Denny’s Puerto Rico, operated by franchisee Marpor Corp., has rolled into Hato Rey in what is the first food truck for the company on the island and nationwide, Ricardo González, vice president of the local restaurant chain confirmed Thursday.
“We had this idea several years ago, and we were finally able to see it come to fruition. Our idea was to use the food truck for marketing: to take it to different events, fundraisers and areas where we didn’t have a restaurant,” González said.
The rolling restaurant entailed a $60,000 investment and was first unveiled in the summer of 2016. The used truck was retrofitted with a new kitchen and wrapped to reflect the brand, he said.
However, the concept was received with strong backlash from the food truck community, which blasted the “foreign company” for entering the segment and “wanting to overtake everything,” González said.
“That wasn’t true, but after receiving much criticism on social media, we decided to hold back on the project,” he said.
That was until a spot opened up on the corner of Ponce de León Ave. and Bolivia St. in Hato Rey about a month-an-a-half ago, when another food truck left the busy location on the Golden Mile.
“For now, we’ll remain there because we have been well-received by customers. If we can go back to our original plan to use the truck for marketing purposes, we would like to participate in fundraisers, where we give the benefiting entity 20 percent of the proceeds of all sales,” González said.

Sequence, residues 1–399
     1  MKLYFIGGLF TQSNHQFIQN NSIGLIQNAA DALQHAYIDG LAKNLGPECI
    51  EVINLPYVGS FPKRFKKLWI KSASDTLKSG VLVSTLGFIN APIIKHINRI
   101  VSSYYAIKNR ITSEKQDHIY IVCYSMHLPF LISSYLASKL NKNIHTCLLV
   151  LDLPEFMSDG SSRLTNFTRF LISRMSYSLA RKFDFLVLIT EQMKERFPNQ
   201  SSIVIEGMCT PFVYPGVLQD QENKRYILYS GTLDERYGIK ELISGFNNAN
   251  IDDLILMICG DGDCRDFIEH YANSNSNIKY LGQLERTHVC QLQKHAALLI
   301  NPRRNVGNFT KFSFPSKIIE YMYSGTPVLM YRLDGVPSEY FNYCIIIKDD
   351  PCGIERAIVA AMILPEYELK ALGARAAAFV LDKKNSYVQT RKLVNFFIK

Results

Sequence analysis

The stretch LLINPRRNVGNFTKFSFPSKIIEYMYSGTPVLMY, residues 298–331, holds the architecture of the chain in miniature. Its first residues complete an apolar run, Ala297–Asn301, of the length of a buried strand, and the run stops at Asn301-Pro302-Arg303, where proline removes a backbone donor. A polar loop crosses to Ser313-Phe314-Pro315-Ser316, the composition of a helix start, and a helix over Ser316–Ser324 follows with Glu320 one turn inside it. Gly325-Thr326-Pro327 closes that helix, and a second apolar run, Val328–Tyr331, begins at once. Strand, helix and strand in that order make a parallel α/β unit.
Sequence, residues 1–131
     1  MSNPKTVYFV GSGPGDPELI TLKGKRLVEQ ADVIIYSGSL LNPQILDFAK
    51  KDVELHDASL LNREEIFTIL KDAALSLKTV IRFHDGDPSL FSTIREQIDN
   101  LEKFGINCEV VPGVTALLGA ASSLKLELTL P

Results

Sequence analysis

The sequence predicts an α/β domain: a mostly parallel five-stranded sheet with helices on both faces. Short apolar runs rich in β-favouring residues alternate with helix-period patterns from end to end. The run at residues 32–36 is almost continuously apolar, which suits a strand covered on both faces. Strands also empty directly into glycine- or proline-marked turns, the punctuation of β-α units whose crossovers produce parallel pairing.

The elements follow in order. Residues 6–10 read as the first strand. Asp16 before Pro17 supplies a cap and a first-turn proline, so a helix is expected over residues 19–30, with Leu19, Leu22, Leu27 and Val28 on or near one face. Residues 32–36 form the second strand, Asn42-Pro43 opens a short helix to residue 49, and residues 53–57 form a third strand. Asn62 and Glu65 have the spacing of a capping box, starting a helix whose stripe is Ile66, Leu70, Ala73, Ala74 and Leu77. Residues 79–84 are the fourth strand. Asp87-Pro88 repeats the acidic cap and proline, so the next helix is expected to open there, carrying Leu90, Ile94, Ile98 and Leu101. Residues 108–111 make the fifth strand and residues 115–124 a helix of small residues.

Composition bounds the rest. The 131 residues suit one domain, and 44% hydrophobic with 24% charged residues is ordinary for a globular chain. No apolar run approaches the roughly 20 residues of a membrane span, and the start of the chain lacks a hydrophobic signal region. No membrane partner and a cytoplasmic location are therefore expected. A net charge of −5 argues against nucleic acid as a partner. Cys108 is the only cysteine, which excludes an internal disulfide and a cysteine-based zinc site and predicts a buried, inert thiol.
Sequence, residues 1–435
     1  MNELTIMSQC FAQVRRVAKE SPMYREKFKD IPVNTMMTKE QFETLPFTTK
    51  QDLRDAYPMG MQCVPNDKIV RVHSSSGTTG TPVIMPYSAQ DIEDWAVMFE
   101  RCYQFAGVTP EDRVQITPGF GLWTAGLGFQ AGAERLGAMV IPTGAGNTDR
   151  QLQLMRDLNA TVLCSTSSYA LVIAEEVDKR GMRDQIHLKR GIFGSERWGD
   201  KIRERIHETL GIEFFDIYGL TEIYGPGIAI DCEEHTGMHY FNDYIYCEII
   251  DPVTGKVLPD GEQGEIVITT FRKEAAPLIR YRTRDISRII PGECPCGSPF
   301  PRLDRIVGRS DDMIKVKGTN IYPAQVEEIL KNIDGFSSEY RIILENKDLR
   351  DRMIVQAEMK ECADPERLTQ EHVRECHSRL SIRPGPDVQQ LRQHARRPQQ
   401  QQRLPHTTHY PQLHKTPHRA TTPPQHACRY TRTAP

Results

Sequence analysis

The menu offered at the food truck is a modified version of what is available at the 13 Denny’s restaurants islandwide. The truck employs five, who are part of Denny’s local payroll of more than 1,000 people, he said.
If the food truck takes off, Puerto Rico would be pioneering the concept, which has drawn the attention of Denny’s franchise owners on the U.S. mainland, González said.
“We had to really sell them on the idea, they had to approve the concept, which they really liked. They’ve been asking us for feedback on the project, to see what their options are for the mainland,” González said.
“Something similar happened to us when we opened the Condado location with a full bar, which had never been done before, and which Denny’s is now allowing stateside restaurants to do,” the executive noted.
As far as plans for new restaurants in Puerto Rico, González anticipated that the company is looking at specific areas where it would like to be, including Bayamón, Dorado or Manati. Fajardo and Humacao are also on the radar, and conversations with the Mayors of each of the Eastern towns have taken place to explore options.
“We’re been looking for about two years, but last October we opened our newest location in Aguadilla, at an investment of $1.3 million, so we’re being thorough,” he said.